The method used to estimate the “normal” level of household growth also matters. The NAHB number was based on a simple difference between “actual” household growth estimates for the 2007-2010 period, and a straight line trending of HVS household growth prior to 2007. Over the very short run this approach may be appropriate, but would not be expected to hold up over a longer period.

 

Kolko’s calculations are more sophisticated. Using CPS data, he computes the change in age-specific headship rates (the share of persons in an age group that head an independent household) from the average 2000-07 pre-recession levels. This change, when multiplied by the official annual population estimates for each year, gives the deficit in number of household formations in each age group due to changes in the propensity to form households. This method corrects for the effects on household formation of simple changes in the size and age structure of the adult population, which the NAHB method does not take into account. But what Kolko’s calculation does not control for is the increasing share of minorities in the population. And since Hispanics and Asians have lower headship rates than non-Hispanic whites this oversight is not trivial (Figure 2). In fact, a certain amount of the decline in household formation is due to the changing race/Hispanic origin composition of the population and not to the recent economic downturn.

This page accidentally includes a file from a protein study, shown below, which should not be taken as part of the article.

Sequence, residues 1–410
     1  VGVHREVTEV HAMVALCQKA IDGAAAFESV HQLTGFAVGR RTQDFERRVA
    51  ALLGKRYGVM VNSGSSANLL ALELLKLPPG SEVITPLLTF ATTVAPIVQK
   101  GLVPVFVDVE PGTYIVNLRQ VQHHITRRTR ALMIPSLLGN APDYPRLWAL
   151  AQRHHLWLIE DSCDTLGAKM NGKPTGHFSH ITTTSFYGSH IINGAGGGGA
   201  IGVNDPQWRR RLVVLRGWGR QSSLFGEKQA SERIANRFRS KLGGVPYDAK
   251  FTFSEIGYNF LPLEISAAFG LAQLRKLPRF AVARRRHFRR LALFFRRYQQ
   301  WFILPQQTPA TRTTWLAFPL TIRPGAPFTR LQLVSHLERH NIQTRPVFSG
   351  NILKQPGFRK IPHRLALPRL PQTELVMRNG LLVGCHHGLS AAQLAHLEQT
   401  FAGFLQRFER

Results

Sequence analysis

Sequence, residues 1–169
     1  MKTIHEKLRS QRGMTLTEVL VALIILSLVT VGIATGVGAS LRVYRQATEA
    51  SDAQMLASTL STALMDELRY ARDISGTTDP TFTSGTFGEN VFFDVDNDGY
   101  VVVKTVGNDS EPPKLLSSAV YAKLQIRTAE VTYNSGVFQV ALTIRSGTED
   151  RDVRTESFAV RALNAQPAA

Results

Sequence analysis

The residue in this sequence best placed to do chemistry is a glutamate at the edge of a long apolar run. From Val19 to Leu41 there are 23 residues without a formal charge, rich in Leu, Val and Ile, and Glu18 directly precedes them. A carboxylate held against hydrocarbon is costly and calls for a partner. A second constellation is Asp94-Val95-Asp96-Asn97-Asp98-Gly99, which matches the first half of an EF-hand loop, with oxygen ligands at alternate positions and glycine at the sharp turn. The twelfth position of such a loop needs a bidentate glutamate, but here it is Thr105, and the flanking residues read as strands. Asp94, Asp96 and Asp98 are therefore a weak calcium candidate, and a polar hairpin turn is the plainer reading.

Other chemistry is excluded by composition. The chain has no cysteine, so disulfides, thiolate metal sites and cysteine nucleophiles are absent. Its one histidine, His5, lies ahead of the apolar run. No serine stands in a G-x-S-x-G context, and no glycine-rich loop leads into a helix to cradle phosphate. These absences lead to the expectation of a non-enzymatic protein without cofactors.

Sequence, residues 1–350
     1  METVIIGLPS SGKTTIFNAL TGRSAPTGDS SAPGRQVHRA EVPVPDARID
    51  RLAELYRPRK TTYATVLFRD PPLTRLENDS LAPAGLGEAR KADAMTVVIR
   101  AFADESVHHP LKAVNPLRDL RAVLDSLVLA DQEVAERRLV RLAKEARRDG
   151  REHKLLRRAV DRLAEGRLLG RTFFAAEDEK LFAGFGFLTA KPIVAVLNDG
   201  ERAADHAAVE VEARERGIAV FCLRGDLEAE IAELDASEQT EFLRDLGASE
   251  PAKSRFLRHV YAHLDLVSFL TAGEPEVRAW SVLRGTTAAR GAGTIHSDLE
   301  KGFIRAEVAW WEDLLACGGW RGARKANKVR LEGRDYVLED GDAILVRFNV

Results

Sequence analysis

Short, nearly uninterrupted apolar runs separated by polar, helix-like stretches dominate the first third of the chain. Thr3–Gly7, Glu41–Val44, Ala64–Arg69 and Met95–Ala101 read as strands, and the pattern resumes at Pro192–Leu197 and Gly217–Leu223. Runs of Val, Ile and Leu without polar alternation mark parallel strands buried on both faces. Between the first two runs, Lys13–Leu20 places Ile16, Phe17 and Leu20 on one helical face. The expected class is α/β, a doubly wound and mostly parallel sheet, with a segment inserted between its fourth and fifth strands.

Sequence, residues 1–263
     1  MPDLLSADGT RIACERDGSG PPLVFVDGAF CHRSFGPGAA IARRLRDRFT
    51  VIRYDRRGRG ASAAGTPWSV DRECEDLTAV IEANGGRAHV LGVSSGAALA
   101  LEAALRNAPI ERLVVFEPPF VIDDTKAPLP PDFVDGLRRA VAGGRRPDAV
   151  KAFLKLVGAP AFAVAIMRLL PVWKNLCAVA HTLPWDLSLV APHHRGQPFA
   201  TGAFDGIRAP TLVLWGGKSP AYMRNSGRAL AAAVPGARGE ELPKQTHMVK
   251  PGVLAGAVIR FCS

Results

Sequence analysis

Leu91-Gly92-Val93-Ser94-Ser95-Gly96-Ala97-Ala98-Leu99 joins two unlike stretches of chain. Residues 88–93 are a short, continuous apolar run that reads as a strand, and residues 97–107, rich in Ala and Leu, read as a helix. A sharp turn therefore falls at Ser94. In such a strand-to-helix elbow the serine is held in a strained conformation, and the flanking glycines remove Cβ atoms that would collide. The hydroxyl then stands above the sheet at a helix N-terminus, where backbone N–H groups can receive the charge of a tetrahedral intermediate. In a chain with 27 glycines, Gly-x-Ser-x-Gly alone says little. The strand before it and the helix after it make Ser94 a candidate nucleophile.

This issue is exacerbated by an undercounting of growth in Hispanics and Asians over the past decade, as revealed by the results of the 2010 Census. The underestimating of Hispanic and Asian shares of the population in the CPS during the 2000s also means that pre-2010 CPS headship values are biased upward by overcounting the white share, due to incorrect population weights in the CPS survey, making the 2000-2007 benchmark headship rates too high, and exaggerating the decline in age-specific headship pre-versus-post recession.